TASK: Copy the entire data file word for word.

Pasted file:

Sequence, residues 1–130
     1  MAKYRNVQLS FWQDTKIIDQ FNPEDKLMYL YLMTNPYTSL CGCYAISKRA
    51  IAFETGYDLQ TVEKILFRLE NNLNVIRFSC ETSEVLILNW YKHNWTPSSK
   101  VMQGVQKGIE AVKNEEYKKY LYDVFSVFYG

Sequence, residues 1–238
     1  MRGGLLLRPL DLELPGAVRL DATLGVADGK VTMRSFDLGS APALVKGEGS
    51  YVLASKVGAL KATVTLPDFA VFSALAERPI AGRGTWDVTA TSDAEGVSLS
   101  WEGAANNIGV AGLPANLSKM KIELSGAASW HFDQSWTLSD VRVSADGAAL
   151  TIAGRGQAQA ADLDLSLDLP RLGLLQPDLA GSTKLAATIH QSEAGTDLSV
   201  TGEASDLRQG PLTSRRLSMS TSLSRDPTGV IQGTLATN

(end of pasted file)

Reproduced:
Sequence, residues 1–130
     1  MAKYRNVQLS FWQDTKIIDQ FNPEDKLMYL YLMTNPYTSL CGCYAISKRA
    51  IAFETGYDLQ TVEKILFRLE NNLNVIRFSC ETSEVLILNW YKHNWTPSSK
   101  VMQGVQKGIE AVKNEEYKKY LYDVFSVFYG

Sequence, residues 1–238
     1  MRGGLLLRPL DLELPGAVRL DATLGVADGK VTMRSFDLGS APALVKGEGS
    51  YVLASKVGAL KATVTLPDFA VFSALAERPI AGRGTWDVTA TSDAEGVSLS
   101  WEGAANNIGV AGLPANLSKM KIELSGAASW HFDQSWTLSD VRVSADGAAL
   151  TIAGRGQAQA ADLDLSLDLP RLGLLQPDLA GSTKLAATIH QSEAGTDLSV
   201  TGEASDLRQG PLTSRRLSMS TSLSRDPTGV IQGTLATN